All About National Bike Month
What is National Bike Month? You may be asking.
National Bike Month takes place every May in the U.S. The intent behind the designated month is to draw attention to cycling and its positive effects. National Bike Month began in 1956, and it is sponsored by the League of American Bicyclists.
The League of American Bicyclists (officially called the “League of American Wheelmen”) is a really interesting organization, which dates back to the late 1800s. It was founded by Kirk Munroe and E. Charles Pratt in Rhode Island in 1880. The organization was started as a means to join cyclists together, and it also acted as the governing body for American amateur cycle races in the late 1800s.
The organization’s vision is for: “a nation where everyone recognizes and enjoys the many benefits and opportunities of bicycling.” They believe that “Bicycling brings people together. When more people ride bikes: life is better, communities are safer and stronger, and our nation is healthier…”
The month is celebrated widely throughout the U.S., and there are many events honoring it as well. The biggest and most important week of National Bike Month is Bike to Work Week. This year, Bike to Work Week falls on May 13 – 19.
Bike to Work Week
Bike to Work Week is a time-honored part of National Bike Month, and it’s meant to encourage those who are a bit nervous about cycling to work to give it a try. The League of American Bicyclists reports that “40% of all trips in the U.S. are less than two miles, making bicycling a feasible and fun way to get to work.”
While it lasts a full week, the biggest, most celebratory day of that week is “Bike to Work Day,” held this year on Friday, May 19. So, get your bike ready, your bike lock ready, your helmet polished and spiffy, and cross your fingers for good weather!
Cities across the U.S. participate in “Bike to Work Day.” California’s Bay Area is celebrating their 25th year participating in the festive event, and their “Bike to Work Day” even includes snack and refreshment stations. (That sounds like my kind of commute.)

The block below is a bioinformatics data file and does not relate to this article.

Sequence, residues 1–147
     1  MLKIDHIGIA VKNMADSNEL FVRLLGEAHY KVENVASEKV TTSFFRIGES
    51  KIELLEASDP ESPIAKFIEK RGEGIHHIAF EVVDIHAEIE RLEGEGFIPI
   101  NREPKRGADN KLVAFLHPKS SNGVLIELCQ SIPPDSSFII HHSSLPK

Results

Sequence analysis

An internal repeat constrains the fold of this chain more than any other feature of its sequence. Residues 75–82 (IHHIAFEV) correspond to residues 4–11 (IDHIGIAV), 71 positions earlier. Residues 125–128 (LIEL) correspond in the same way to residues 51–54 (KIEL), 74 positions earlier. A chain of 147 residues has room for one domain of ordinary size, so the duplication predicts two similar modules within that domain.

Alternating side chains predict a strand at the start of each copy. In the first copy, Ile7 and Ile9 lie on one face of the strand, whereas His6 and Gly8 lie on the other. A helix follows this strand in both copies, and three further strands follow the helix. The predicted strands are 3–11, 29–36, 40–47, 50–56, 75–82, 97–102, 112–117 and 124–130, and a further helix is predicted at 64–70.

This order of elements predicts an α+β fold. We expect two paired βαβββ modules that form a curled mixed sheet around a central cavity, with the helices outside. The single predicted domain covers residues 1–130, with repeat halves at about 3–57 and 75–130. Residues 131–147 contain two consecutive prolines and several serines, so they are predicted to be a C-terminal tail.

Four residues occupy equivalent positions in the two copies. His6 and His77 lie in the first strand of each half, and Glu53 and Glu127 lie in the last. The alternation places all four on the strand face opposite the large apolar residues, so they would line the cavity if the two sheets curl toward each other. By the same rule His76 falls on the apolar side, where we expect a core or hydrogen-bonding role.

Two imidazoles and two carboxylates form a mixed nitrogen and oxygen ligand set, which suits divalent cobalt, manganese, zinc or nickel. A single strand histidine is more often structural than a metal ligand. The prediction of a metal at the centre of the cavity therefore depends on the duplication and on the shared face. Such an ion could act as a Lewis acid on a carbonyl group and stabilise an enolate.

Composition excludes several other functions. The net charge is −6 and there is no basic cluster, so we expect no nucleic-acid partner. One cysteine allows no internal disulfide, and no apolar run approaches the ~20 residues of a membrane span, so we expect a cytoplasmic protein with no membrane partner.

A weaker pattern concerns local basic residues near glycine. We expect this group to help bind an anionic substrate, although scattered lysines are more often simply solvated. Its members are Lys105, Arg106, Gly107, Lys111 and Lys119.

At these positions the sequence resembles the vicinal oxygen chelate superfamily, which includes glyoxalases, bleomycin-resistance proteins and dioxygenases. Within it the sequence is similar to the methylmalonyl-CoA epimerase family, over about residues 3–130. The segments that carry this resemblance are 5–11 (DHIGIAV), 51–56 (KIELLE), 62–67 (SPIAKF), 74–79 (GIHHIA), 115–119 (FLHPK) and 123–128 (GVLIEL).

Before you speed off to work on Bike to Work Week, you’ll also want to check that your tires are inflated properly, your brakes are in good working order, and that the bike chain is running well and isn’t rusty (if it is, throw some oil on there).
Be sure to practice safe bike riding, too. Here are a few tips which will help to ensure a safe, and pleasant commute: don’t wear headphones while riding, keep both hands on the handlebars, wear a brightly colored helmet and reflective material, use a bike light while riding at night or early morning, and always use hand signals while turning.
History of Bikes in the U.S.
Bicycling has a long, storied tradition in the U.S. However, the Golden Age of Cycling in the U.S. was arguably from 1960 – 1975, a span during which sales of U.S. adult bikes doubled, as a result of a couple of factors.
For one, there was a heightened awareness in the U.S. about the value of exercise, and exercise culture was taking off. Additionally, there was more attention being paid to the importance of energy efficiency. The combination of an increased focus on exercise and energy usage led to more people taking to biking, and that heightened sales. And so, new generations of cyclists were ushered in, and passed down a love of cycling to their children as well.
There’s not enough room in this post to give you a thorough, comprehensive overview of the history of cycling, but I assure you, it is a fascinating one! To delve into this topic more, check out books like “The Bicycle: 200 Years on Two Wheels” and “Bicycle: The History” by David V. Herlihy. “Need for the Bike” by Paul Fournel also offers a dive into the essence of bicycling, why it is so needed, and his reflections on riding.
Benefits of Biking
Biking’s benefits are innumerable. Though, here are some of the top ones to shout about, as noted by Harvard Medical School:
It’s good for your joints, the aerobic workout effects provide a release of feel-good endorphins, cycling builds muscle mass, it helps with having better balance, and cycling increases bone density.
[maxbutton id=”1″ text=”Check out our bike tours!” ]
The health benefits are an added bonus to the fact that biking is just a wonderful way to see a city and explore a new place. Riding a bike also presents a degree of freedom that’s hard to experience by foot or by car; you can weave through traffic, you can see cool little alleyways, and it’s oh-so-much-faster than walking somewhere. Biking opens up new opportunities for unexpected adventures.
If you’re doing some traveling in the U.S. or Europe, come and join us for a biking (or walking!) tour. Fat Tire Tours offers tours in Chicago, Washington D.C., San Francisco, New Orleans, London, Paris, Barcelona, Berlin, Munich, Milan, Rome, and Florence.
Come bike with us!